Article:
LL: It's not- it's that they make great music together, for anyone that asks them. And it's really great music. There's no pretense. So how do we get that across to more people? Get out there and make more music. Don't wait to be asked. Just make music. And be good musical citizens. I can't say it any other way. It's worked for me.
RC: Speaking of musicians- about this new recording [Liria Duo, Songs of Her Self], was that experience different than other recordings you've been involved with? They are these two younger people, making it themselves through crowd sourcing?
LL: No! Because the way that I love to be involved with recordings is exactly what we did. We all get in there, we've got some music. At that point I don't think of it as "my" music. I think of it as "we're all together, we're a team, so we want the best microphones for the music, everything the best for the music. That's always how I've experienced sessions....One was with Neville Mariner with the Minnesota Orchestra. Mariner is a recording genius. And it was under the tensest of circumstances. The engineers from New York had arrived with their own mixing board, run on batteries! And it was 20 degrees below...we had one day to record a whole symphony. Of course the batteries went dead in the middle of the afternoon session. So we had to go out and find batteries, enough batteries to run the thing, and I just thought "I think I just better sit here and watch because there's not a thing I can do except make it worse." I watched the recording engineers [fuss], and Neville kept the whole orchestra happy, telling jokes, doing all the stuff to keep morale up. 45 minutes later, they came back with the batteries, and we had three minutes to do a single take to finish the piece. That was it. And they did it. But they wouldn't have done it without that sense of real collaboration. Rather than get all tense about, we said we're just making music here!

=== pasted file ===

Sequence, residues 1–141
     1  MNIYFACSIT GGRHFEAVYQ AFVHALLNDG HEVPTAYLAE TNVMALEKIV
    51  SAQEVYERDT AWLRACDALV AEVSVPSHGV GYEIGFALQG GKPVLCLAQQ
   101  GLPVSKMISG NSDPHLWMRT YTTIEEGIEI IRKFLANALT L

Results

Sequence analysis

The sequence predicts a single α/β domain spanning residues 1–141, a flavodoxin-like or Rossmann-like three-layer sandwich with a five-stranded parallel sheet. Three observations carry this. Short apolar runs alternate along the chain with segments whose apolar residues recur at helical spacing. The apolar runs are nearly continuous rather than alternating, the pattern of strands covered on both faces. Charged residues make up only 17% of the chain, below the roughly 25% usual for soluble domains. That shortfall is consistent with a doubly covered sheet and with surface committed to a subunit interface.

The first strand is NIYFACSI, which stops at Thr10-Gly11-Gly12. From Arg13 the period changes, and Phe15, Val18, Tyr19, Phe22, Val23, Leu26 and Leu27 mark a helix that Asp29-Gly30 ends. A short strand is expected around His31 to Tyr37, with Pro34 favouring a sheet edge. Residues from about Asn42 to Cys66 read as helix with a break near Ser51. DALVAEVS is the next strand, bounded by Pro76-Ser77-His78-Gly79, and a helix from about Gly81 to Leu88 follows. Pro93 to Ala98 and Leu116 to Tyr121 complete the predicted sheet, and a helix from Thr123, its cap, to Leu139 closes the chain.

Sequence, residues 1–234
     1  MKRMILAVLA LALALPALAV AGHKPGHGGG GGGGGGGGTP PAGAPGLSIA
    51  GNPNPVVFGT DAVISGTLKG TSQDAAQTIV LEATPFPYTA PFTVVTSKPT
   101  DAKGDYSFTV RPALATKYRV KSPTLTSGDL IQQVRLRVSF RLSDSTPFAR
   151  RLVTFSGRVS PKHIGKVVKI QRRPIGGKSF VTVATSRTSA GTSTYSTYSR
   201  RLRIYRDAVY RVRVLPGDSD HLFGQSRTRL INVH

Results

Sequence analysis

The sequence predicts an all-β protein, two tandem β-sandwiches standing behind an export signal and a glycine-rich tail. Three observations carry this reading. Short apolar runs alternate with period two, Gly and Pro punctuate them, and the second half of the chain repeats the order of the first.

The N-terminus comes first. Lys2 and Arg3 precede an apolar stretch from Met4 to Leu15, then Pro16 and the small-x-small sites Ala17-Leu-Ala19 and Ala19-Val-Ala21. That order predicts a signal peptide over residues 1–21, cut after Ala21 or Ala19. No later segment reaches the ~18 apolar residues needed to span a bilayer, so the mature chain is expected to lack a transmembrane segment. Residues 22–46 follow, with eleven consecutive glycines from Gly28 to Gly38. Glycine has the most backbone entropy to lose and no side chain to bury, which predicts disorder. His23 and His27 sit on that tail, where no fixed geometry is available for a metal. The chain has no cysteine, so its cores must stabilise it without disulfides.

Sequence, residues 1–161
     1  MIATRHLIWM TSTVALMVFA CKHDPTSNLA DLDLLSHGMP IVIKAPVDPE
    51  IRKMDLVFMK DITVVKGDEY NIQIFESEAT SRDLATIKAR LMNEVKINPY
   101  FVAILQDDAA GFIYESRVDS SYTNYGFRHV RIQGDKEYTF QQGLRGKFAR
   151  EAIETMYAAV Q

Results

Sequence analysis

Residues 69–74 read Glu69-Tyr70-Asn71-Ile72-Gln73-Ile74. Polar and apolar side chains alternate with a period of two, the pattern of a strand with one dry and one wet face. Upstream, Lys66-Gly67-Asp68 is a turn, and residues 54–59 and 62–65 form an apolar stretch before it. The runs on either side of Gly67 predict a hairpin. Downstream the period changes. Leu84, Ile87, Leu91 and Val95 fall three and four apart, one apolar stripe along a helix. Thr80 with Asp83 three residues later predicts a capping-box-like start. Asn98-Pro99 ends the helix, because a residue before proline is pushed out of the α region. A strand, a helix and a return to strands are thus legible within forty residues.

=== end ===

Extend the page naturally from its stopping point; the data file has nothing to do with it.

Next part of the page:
RC: That's a real skill or maybe an art, as well, to be able to deal with disaster. Something always goes wrong in rehearsals.
LL: Always! Something's gonna go wrong! And so all of the sessions that I've been part of, there's only one that I've been a part of, with a particular conductor, that didn't work. But the others are so much fun- we're finally in the studio, and we're here about the music. Emily and Sara and I, we just had a really great time. If they weren't having a great time, they didn't show it.
RC: They fooled you!
LL: Yeah! I was definitely having a great time.
RC: And it must be exciting to have these songs that weren't recorded before.